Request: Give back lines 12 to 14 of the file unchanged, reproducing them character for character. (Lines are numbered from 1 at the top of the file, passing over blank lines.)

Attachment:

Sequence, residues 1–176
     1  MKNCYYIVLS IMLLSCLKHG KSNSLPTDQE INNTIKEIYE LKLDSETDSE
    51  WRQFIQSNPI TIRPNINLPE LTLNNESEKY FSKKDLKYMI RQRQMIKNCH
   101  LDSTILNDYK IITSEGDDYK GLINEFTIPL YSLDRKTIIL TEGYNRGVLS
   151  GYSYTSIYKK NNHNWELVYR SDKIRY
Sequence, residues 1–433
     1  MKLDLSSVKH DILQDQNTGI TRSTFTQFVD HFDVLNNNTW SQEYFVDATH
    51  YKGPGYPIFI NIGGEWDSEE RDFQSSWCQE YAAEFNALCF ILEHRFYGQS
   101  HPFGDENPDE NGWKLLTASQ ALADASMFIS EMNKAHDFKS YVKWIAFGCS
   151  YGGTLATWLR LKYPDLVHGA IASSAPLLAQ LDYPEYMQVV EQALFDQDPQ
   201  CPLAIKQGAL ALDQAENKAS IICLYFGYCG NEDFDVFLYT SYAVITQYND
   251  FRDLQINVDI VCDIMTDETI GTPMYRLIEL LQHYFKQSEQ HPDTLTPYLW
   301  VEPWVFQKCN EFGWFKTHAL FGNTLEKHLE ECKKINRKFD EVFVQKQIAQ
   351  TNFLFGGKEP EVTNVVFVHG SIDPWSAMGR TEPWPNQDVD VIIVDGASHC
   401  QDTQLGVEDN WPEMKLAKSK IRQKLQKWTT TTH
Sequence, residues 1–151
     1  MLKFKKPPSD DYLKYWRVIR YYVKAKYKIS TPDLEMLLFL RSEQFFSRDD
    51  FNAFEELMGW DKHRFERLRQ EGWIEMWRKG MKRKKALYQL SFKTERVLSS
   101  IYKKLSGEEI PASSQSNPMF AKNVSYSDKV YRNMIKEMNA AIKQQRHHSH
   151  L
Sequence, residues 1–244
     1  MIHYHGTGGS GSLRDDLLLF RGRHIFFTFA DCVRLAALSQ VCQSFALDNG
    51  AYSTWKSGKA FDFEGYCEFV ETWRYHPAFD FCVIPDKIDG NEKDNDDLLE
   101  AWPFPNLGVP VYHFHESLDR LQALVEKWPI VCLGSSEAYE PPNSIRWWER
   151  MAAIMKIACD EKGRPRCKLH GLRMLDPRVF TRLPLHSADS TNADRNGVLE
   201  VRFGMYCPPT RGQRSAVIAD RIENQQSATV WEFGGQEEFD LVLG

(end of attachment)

   251  FRDLQINVDI VCDIMTDETI GTPMYRLIEL LQHYFKQSEQ HPDTLTPYLW
   301  VEPWVFQKCN EFGWFKTHAL FGNTLEKHLE ECKKINRKFD EVFVQKQIAQ
   351  TNFLFGGKEP EVTNVVFVHG SIDPWSAMGR TEPWPNQDVD VIIVDGASHC